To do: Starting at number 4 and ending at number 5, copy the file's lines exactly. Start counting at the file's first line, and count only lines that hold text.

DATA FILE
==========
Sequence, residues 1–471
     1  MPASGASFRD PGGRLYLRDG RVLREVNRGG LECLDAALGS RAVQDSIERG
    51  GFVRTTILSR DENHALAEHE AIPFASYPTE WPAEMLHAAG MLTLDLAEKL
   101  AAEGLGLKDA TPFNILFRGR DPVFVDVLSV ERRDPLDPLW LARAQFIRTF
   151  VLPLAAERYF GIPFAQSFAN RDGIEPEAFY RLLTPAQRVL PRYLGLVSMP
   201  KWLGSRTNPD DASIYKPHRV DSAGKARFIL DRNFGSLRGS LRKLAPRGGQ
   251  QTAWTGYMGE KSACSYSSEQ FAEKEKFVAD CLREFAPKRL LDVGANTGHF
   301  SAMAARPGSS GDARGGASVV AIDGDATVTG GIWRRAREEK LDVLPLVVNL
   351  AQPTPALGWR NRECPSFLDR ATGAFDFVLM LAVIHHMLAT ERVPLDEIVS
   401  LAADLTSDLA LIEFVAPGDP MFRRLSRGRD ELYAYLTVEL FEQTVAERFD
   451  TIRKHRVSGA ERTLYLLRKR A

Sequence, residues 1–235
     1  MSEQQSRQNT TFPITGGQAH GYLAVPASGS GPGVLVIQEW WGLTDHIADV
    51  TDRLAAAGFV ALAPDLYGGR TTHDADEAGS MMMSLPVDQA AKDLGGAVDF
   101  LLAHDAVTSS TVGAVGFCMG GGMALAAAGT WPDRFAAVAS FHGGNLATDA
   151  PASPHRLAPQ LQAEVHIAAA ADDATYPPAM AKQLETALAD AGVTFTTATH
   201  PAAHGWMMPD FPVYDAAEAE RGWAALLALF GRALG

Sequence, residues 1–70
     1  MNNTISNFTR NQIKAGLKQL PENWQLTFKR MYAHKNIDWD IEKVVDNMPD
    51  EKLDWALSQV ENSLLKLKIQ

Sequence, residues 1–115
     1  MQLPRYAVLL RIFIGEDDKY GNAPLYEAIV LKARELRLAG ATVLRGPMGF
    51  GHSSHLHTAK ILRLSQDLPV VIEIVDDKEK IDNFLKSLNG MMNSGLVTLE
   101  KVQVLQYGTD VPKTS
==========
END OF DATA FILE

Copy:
   101  AAEGLGLKDA TPFNILFRGR DPVFVDVLSV ERRDPLDPLW LARAQFIRTF
   151  VLPLAAERYF GIPFAQSFAN RDGIEPEAFY RLLTPAQRVL PRYLGLVSMP